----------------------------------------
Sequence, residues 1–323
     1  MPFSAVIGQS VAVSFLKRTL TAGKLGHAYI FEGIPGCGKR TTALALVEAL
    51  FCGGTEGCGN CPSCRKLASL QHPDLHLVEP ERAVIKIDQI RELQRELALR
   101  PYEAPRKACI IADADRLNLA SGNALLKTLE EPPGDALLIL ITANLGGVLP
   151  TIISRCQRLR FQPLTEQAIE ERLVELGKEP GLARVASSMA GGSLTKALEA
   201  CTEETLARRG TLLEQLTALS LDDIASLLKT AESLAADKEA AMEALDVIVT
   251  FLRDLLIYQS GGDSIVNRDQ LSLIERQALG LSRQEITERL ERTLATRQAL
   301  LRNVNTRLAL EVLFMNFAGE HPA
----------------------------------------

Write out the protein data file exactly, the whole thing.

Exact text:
Sequence, residues 1–323
     1  MPFSAVIGQS VAVSFLKRTL TAGKLGHAYI FEGIPGCGKR TTALALVEAL
    51  FCGGTEGCGN CPSCRKLASL QHPDLHLVEP ERAVIKIDQI RELQRELALR
   101  PYEAPRKACI IADADRLNLA SGNALLKTLE EPPGDALLIL ITANLGGVLP
   151  TIISRCQRLR FQPLTEQAIE ERLVELGKEP GLARVASSMA GGSLTKALEA
   201  CTEETLARRG TLLEQLTALS LDDIASLLKT AESLAADKEA AMEALDVIVT
   251  FLRDLLIYQS GGDSIVNRDQ LSLIERQALG LSRQEITERL ERTLATRQAL
   301  LRNVNTRLAL EVLFMNFAGE HPA